The Kite’s Name is Frederick

It was so windy that my tent flew away. In preparation for a night out camping, I was setting up our two-person tent for waterproofing on our porch when a gust of wind blew it right out of my hands and over the roof. In a mad dash down the three story apartment building, I found our tent flipped over in the back yard. Sometimes I think we just might live in a wind tunnel. Operation Tent a failed mission, I remembered that we still hadn’t used the kite we had been given from Derek’s parents during their move to Michigan when they were sorting through which belongings to pack. If it was too windy to set up a tent, it might be just windy enough to fly a kite.

Meet Frederick. He’s a brilliant three-dimensional firebird kite with an 84 inch wingspan designed for the young and playful at heart. He came to us in a tube with simple instructions to clip the end of the spool’s string to the bird and prop up his wings with fiberglass poles. I gave Derek naming rights since it was his childhood kite and the chosen name was Frederick.

My first thought was to fly Frederick in the open lawn behind our apartments but Derek didn’t like the idea of us flying our kite for the first time so close to the road and power lines. So we put Frederick in the back seat and drove to our favorite park, Sunset Hill Farm, just fifteen minutes away, where we could have an open field to run around and get this kite in the air.

It was still incredibly windy and while transporting the kite from the parking lot to the field, it seemed like Frederick was going to lift off at any moment! Derek held onto the spool while I walked backward until I was standing across from him approximately 50 feet away, as per the paper instructions. It was simple, pull the line tight and have a partner hold the kite above their head until it catches a breeze downwind. (Or so we thought). I actually don’t remember too many success stories flying kites in my life and there were a lot of trial runs as we tried changing positions, kite handlers, and simply running with the kite for lift off for a brief flight before it crashed to the ground again. We had to determine which direction was downwind.

Using the windmill and American flag as my guide, I stood with my back to the wind as my hair brushed into my face. This just had to be downwind! Derek backed up again until he was holding the kite above his head with the poles facing upward and Frederick’s colors pointed down to the ground. I felt a gust of wind coming and I quickly backpedaled while lifting the spool with the line pulled taut. Then, to our complete amazement, it actually worked! Frederick was riding the wind and soaring in the air. There was a little resistance on the spool and Derek called out for me to release the kite higher and higher. I had to gauge where the wind was coming from and keep moving so that I could keep the bird flying. Our first successful flight was going so well that we didn’t even realize our proximity to the tree line until Frederick had an unfortunate landing tangled in the lower branches of a tree. Derek was able to loosen the bird and unravel its streamers from the branches so that we could walk farther down the field and try again.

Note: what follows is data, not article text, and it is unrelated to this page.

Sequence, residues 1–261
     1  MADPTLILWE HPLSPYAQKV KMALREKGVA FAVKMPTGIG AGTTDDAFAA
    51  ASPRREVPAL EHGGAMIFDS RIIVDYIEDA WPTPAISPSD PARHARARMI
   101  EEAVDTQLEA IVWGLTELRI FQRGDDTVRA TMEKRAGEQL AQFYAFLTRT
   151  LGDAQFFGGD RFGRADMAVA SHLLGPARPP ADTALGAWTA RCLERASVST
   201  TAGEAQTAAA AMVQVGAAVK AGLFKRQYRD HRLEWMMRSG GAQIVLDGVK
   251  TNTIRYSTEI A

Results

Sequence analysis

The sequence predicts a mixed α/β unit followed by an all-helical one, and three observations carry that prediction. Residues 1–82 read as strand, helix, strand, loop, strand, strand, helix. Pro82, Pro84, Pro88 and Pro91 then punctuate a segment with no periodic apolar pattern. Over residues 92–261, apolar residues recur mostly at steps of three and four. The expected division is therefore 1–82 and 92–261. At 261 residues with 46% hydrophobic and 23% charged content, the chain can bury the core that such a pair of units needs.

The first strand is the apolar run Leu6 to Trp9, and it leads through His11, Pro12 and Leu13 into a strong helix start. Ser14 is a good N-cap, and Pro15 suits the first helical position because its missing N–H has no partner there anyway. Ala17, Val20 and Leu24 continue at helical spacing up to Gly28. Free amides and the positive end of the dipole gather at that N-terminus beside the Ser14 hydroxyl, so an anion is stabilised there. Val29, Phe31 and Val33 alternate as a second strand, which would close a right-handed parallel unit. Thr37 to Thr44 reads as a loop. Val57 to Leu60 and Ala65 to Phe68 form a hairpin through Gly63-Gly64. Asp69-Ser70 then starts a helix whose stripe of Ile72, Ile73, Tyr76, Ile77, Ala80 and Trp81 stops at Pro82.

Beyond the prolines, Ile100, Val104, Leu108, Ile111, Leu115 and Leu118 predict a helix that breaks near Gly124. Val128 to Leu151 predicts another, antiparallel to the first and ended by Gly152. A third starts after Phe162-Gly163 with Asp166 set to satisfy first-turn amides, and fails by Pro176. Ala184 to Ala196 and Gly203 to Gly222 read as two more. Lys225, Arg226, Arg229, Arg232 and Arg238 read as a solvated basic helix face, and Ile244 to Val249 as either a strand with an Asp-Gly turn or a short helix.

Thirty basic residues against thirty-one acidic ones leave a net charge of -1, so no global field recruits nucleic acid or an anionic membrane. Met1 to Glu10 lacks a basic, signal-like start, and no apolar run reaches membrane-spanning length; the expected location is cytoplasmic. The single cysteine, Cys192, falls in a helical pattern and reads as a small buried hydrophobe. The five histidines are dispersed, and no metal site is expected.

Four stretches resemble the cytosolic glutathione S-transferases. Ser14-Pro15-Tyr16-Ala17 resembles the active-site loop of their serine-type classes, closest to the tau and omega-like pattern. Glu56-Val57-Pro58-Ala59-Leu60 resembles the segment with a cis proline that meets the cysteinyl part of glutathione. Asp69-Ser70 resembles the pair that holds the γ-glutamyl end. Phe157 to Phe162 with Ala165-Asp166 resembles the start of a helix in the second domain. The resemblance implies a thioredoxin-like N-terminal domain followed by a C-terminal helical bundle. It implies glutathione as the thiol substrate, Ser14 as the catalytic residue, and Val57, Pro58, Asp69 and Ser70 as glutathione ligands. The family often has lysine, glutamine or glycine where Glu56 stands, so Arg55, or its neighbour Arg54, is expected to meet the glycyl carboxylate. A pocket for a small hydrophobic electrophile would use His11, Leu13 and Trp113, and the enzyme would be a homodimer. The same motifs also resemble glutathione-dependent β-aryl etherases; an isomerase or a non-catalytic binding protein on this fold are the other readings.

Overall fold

With more practice, we were able to extend the height and length of time that Frederick was flying. It came to the point where the kite was actually at the very end of its line and really picking up speed so that if I were to let go, Frederick might just take off! We took turns as kite handler, repeating the process multiple times with such amusement and enthusiasm that the geese overhead might have thought we were competing for their air space. We had done it! It was the perfect afternoon for Frederick, the kite bird, to glide the breeze.

Let’s go fly a kite
Up to the highest height!
Let’s go fly a kite and send it soaring
Up through the atmosphere
Up where the air is clear
Oh, let’s go fly a kite!

-Mary Poppins, Song by David Tomlinson, Dick Van Dyke, and Londoners

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